CommonLounge Archive

Introduction to Metrics

December 30, 2017

What are metrics?

Feedback loops are a profoundly effective way of augmenting individual behavior — dynamic speed displays have fared far better at getting drivers to slow down than any previous attempts such as speeding fines and traffic cops setting up speed-traps. The difference between the two is that the former features a feedback loop that provides feedback in almost real-time and gives the user a chance to modify their behavior while the latter offers no such provision.

An attempt to provide feedback in a manner that is concise and easily understandable usually involves distilling behavior into measurable quantities and processing these measurable quantities such that they resonate emotionally with the individual currently in the feedback loop. Each of these measurable quantities form the basis for metrics; numbers that quantitatively represent user behaviour.

Why are metrics important?

The value of a product, from the perspective of the consumer, is determined by the job(s) that the product performs. The job being performed has an impact on the user’s interactions and behavior in presence of the product. Since metrics, collectively, are a proxy for user behavior, companies obsessively track metrics of their user base to better understand the jobs that customers use their product for and thereby ascertain their value.

From the closely intertwined relationship between metrics and the value of the product, it follows that the goals for product managers are defined in the form of metrics. Product managers are expected to deliver changes in some metrics while being given free rein to determine the means of achieving this change.

How do you pick metrics?

It is useful to keep the analogy of feedback loops in mind while thinking about metrics. While developing the dynamic speedometer, the designers identified the speed as the core metric that finally had to be changed in order to make the roads in the vicinity safer. In addition they hypothesized that a flashing indication of their speed, updated in real-time, alongside the speed limit was enough to emotionally resonate with most speeding drivers. The effect turned out to be so popular that it worked in spite of the absence of any punitive consequences.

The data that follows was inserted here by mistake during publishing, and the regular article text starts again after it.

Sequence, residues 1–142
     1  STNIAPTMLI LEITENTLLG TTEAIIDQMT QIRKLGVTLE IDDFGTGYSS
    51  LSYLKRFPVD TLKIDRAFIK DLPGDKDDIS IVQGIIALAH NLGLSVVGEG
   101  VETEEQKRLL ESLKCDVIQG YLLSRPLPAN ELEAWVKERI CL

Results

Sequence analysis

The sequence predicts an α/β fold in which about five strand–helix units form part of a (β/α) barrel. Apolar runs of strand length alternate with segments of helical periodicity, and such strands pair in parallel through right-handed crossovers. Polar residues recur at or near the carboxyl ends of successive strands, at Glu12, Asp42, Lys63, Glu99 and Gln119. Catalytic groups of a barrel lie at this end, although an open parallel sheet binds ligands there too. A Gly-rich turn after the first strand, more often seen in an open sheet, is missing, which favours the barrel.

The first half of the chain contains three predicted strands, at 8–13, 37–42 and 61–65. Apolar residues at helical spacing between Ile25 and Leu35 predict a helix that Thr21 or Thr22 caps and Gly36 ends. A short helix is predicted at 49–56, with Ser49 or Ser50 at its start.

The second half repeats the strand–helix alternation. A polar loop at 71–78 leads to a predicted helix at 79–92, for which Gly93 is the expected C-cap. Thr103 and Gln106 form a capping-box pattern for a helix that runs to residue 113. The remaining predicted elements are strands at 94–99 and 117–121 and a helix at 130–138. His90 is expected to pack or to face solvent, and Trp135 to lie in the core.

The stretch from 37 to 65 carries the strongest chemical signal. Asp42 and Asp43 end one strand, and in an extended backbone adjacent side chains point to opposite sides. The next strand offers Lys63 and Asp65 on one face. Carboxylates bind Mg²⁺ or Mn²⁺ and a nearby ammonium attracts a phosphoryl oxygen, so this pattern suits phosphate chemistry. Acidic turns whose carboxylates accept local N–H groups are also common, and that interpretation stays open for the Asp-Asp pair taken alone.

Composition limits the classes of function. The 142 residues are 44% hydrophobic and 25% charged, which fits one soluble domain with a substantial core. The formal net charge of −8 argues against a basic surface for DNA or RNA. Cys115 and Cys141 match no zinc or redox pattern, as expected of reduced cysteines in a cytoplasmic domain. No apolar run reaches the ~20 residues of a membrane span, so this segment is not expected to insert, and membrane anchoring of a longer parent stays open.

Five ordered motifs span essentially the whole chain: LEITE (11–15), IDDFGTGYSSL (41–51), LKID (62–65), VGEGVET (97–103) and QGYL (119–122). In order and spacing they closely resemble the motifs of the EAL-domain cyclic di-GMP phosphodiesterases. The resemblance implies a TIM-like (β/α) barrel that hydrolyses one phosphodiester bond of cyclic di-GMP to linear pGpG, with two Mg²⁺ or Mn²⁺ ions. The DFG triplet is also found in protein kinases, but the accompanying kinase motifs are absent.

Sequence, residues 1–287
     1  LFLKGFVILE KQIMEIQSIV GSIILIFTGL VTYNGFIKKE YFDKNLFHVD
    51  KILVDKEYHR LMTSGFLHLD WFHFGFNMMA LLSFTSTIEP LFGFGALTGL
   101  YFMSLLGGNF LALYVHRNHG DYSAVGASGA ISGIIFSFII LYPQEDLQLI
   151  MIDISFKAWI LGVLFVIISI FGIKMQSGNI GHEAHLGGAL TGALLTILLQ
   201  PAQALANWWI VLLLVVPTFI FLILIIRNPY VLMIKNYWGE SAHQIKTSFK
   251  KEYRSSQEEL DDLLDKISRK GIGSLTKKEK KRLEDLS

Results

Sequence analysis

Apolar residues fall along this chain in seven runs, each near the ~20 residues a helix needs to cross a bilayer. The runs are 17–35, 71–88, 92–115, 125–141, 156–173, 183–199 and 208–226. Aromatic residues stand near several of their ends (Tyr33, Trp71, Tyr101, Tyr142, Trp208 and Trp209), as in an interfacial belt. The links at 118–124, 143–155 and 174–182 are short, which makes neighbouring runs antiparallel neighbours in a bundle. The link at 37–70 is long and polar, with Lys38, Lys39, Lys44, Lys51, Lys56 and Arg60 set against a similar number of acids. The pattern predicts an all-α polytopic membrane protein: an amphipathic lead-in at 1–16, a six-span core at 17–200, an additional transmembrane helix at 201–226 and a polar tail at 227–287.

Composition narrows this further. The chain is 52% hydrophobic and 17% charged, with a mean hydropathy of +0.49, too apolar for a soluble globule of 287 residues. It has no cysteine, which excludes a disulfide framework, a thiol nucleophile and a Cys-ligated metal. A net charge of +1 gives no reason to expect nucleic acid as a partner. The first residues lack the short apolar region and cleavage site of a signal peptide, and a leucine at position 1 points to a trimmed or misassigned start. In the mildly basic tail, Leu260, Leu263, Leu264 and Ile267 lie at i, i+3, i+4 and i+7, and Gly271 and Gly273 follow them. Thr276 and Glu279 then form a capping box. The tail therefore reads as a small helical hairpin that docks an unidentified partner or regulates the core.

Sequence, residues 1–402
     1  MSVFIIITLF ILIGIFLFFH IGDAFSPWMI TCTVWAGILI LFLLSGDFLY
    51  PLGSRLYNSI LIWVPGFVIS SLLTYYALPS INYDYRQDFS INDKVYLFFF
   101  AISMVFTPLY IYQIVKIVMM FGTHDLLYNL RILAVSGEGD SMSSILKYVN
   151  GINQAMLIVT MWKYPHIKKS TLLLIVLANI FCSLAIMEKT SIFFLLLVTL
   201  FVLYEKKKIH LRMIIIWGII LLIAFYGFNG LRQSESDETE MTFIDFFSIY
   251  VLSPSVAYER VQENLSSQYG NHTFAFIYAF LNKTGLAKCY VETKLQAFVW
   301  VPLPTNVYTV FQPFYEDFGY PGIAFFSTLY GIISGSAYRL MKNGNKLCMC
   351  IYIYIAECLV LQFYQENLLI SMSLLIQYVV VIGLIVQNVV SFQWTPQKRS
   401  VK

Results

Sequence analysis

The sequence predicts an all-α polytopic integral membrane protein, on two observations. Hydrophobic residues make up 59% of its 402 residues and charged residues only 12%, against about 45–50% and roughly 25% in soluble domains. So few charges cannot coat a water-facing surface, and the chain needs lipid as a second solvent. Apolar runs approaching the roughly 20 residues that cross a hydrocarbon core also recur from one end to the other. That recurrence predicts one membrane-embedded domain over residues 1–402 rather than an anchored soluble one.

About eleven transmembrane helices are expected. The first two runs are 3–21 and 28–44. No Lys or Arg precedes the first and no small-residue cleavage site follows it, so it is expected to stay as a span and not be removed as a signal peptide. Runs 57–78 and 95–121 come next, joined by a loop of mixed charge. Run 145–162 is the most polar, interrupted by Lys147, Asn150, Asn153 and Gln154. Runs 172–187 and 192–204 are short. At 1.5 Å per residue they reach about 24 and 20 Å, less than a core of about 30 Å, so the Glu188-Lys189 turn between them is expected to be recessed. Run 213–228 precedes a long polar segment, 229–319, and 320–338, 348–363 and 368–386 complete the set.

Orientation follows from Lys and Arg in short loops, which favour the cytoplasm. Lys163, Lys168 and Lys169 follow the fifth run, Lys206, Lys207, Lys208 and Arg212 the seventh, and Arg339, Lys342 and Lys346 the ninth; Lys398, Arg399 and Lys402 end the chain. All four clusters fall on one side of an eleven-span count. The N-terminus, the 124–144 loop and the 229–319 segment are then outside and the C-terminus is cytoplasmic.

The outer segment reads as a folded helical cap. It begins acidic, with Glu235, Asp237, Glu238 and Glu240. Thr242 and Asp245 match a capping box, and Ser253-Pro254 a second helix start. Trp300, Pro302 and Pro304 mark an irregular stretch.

Similarly, it is up to you to craft user stories of consumer behavior, map those out in the form of metrics, and then use track those metrics to inform your decisions about future decisions regarding the direction of your product.

Real life examples

  • Facebook realized that getting a new user to 10 friends in 7 days was critical to move the needle on their retention and did all they could to remove frictions between a user signing up on the platform and becoming friends with ten people they know who are already on the platform.
  • For a two sided marketplace like Uber, the key metric they want to measure is number of trips completed — this entails increasing both the drivers on the supply side, and riders on the demand side. Also remember, your key metrics will change over time — again, in Uber’s early days, it was to eliminate what they called “zeros” — when a rider opens the app, but there are zero free drivers nearby. This required bringing as many existing cab drivers onboard the Uber app, many of which were done manually by company’s employees.
  • Medium, a platform for writing and reading thoughtful pieces, closely tracks “Total Time Spent Reading” on their platform. This requires not only an increase in the number of readers, but also increase in the quality of content being surfaced to these readers by the platform.
  • Monthly Recurring Revenue (MRR) is a good key metric for businesses that sell services to other businesses (B2B SaaS businesses)

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